Have nothing to do with the [evil] things that people do, things that belong to the darkness. Instead, bring them out to the light... [For] when all things are brought out into the light, then their true nature is clearly revealed...

-Ephesians 5:11-13

Tag Archives: Supercommittee

Bond Fund Manager Says Only Gold Will Survive the Coming Disaster

 

Bill Gross

Bill Gross (Photo credit: jdlasica)

In his October newsletter to clients of Pacific Investment Management Company (PIMCO), founder Bill Gross summarized the coming disaster that faces the country, and noted that “only gold and real assets would thrive…” Noting that America is considered the “cleanest dirty shirt” among the major economies, he says that the country’s debt-to-GDP ratio, its excellent credit ratings, and its currency being the world’s reserve currency appear to stand it in good stead:

We have world-class universities, a still relatively mobile labor force and apparently remain the beacon of technology — just witness the never-ending saga of Microsoft, Google and now Apple.

Obviously there are concerns, especially during election years, but are we still not sitting in the global economy’s catbird seat?

As far as America’s imminent demise is concerned, he comments:

Armageddon is not around the corner. I don’t believe in the imminent demise of the U.S. economy and its financial markets. But I’m afraid for them.

Gross manages the world’s largest bond fund along with CEO Mohamed El-Erian, with nearly $2 trillion of assets under management. His clients include individual retirees, pension plans, educational institutions, foundations, and endowments, each seeking safety of principal along with reasonable returns. Accordingly he must temper his words not to frighten away the very people he serves. But he’s courageous enough to tell the truth.

After reviewing reports from the International Monetary Fund (IMF), the Congressional Budget Office (CBO), and the Bank of International Settlements (BIS) on the state of the American economy, he says that the United States is no “clean dirty shirt” after all. It is, instead, 

Keep Reading…

Boehner Fires First Salvo in Taxmageddon Wars

U.S. President is greeted by Speaker of the Ho...

House speaker John Boehner decided on Tuesday to fire the first round in the coming battle to deal with the huge tax increases taking place after the first of the year (“Taxmageddon”) by setting the terms for the debt ceiling debate. In a speech at the Peter G. Peterson Foundation’s 2012 Fiscal Summit in Washington Boehner said that any discussion would revolve around his “Boehner principle”—every dollar of additional debt increase for the federal government must be matched by an equal or greater reduction in government spending.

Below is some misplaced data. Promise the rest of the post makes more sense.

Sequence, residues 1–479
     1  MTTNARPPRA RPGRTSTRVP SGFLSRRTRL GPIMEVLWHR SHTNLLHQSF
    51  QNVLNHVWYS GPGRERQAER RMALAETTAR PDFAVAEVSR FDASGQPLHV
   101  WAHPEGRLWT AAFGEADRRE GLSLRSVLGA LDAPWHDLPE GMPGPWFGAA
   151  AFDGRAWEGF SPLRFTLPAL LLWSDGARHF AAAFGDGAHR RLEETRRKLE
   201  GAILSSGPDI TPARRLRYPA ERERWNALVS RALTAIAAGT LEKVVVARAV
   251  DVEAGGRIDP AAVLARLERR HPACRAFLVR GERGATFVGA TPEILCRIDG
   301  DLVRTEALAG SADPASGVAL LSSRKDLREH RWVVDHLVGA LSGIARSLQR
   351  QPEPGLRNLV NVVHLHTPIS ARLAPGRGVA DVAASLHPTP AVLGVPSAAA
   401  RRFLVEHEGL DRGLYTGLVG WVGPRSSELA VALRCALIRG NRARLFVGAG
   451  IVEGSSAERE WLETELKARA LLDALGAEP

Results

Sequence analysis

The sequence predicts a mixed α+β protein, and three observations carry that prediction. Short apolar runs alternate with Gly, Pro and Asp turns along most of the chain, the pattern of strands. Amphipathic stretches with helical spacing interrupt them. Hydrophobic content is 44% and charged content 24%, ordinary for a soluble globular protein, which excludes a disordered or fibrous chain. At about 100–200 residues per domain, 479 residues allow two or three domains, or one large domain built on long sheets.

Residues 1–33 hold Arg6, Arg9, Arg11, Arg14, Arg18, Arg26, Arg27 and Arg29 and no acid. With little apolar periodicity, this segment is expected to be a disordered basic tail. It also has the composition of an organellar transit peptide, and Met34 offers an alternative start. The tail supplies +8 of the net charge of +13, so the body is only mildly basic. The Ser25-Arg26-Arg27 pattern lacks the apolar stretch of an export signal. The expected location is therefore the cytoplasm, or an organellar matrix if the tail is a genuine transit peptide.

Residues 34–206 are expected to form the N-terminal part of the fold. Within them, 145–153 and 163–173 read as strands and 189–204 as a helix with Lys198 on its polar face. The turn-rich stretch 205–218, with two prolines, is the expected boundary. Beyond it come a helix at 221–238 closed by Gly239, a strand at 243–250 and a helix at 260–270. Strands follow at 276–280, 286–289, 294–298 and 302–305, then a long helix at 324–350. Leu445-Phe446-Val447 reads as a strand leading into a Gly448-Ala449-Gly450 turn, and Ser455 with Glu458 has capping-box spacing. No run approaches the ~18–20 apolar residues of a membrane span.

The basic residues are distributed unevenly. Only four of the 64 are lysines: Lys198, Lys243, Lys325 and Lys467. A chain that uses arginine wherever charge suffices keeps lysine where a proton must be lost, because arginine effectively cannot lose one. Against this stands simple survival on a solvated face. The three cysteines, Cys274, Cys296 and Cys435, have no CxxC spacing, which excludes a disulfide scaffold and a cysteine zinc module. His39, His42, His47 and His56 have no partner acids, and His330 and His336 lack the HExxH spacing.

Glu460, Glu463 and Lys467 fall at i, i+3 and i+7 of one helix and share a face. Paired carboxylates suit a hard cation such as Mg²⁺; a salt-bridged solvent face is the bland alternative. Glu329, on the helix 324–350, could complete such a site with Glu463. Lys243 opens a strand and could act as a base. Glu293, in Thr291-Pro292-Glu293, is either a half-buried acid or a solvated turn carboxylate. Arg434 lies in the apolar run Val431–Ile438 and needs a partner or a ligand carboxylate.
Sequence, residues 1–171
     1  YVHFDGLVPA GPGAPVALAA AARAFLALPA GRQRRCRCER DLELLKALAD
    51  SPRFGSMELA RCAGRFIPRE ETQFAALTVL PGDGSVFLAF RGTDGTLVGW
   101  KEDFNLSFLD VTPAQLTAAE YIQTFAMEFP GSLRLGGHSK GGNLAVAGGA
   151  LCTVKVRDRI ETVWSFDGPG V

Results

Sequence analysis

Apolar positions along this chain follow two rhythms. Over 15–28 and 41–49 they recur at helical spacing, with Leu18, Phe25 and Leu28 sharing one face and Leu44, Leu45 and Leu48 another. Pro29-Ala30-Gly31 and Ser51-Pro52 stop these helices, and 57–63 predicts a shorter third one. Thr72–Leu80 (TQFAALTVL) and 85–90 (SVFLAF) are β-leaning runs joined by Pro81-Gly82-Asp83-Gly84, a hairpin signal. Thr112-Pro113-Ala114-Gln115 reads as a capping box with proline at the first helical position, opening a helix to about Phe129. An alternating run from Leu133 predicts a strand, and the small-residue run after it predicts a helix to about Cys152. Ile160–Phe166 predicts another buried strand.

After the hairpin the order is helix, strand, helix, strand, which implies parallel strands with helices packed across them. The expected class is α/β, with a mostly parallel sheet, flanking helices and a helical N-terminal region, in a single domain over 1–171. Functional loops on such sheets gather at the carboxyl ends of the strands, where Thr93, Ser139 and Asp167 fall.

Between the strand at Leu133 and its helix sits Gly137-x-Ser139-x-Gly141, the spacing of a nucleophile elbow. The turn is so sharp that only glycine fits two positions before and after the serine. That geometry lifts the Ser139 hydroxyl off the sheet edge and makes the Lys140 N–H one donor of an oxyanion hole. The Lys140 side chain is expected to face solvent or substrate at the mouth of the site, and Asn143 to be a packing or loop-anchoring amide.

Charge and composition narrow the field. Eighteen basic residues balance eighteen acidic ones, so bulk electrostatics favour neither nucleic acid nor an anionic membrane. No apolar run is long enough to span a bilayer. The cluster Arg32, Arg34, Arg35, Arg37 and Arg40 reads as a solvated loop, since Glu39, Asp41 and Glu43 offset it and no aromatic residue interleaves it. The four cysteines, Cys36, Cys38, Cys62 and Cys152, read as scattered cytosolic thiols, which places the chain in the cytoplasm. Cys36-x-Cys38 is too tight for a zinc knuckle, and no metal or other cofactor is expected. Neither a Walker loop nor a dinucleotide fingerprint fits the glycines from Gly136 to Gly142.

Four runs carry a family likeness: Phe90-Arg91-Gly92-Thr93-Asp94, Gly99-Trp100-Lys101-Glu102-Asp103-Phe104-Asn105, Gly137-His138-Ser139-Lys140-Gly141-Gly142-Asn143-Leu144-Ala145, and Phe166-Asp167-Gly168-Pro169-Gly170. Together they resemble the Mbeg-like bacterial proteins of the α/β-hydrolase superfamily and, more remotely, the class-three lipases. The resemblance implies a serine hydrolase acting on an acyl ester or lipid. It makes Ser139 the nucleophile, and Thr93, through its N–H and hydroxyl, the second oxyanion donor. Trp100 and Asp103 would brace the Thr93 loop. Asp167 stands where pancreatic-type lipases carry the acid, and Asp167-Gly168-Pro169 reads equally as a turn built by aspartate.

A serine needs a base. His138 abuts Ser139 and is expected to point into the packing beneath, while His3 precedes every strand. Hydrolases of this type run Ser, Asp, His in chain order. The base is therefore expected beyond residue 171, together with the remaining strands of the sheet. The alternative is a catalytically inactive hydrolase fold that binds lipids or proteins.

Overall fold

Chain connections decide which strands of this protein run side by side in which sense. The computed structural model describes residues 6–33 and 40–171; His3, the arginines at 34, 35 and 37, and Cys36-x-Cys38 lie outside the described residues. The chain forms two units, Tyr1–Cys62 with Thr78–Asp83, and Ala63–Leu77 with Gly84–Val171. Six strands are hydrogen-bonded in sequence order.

Said Boehner:

When the time comes, I will again insist on my simple principle of cuts and reforms greater than the debt limit increase. This is the only avenue I see right now to force the elected leadership of this country to solve our structural fiscal imbalance…

Just so we’re clear, I’m talking about real cuts and reforms—not these tricks and gimmicks that have given Washington a pass on grappling with its spending problem…

Previous Congresses have encountered lesser precipices with lower stakes and made a beeline for the closest lame-duck escape hatch. Let me put your mind at ease. This Congress will not follow that path, not if I have anything to do with it.

Democrats immediately fired back. White House spokesman Jay Carney called Boehner’s remarks as inviting brinkmanship similar to that last summer that resulted in an increase of the debt ceiling along with some future spending cuts. Said Carney: 

Keep Reading…

Latest Economic Surveys Show Little Optimism

South façade of the White House, the executive...

The Republican Small Business Committee reported on November 8 that small-business optimism “remains extremely low,” and that business owners “simply are not hiring because they are pessimistic about consumer sales, the nation’s economic climate, and the amount of regulations to comply with.” Committee Chairman Sam Graves (R-Mo.) added, “The overall mood of the nation’s job creators is still at historic lows. The [Optimism Index of the National Federation of Independent Business] shows that over the next three months, only 9 percent of small business owners plan to increase employment [while] 12 percent plan to lay off workers. These numbers are…worse than the previous two months.”

NFIB’s Optimism Index has shown precious little change going back to January of 2009 and is matched by the University of Michigan’s Consumer Sentiment Index, which noted that “more households reported that their finances had worsened rather than improved for the 48th consecutive month [and that] just

Keep Reading…

Economic Outlook: The Good, the Bad, and the Unknowable

christmas sphere

Expressions of joy were muted on Wall Street at Friday’s release of the latest report from the Conference Board (CB) showing its Leading Economic Index (LEI) jumping 0.9 percent in October, following just a 0.1 percent gain in September. Economic analysts had a field day trying to read the CB’s tea leaves heading into the Christmas holidays and the new year.

Economists at the Conference Board were guardedly optimistic. Ataman Oxyildirim said, “The October rebound of the LEI largely due to the sharp pickup in housing permits suggests that the risk of an economic downturn has receded.”  Added Ken Goldstein, “The LEI is pointing to continued growth this winter, possibly even gaining a little momentum by spring. The lack of confidence has been the biggest obstacle in generating forward momentum, domestically or globally. As long as it lasts, there is a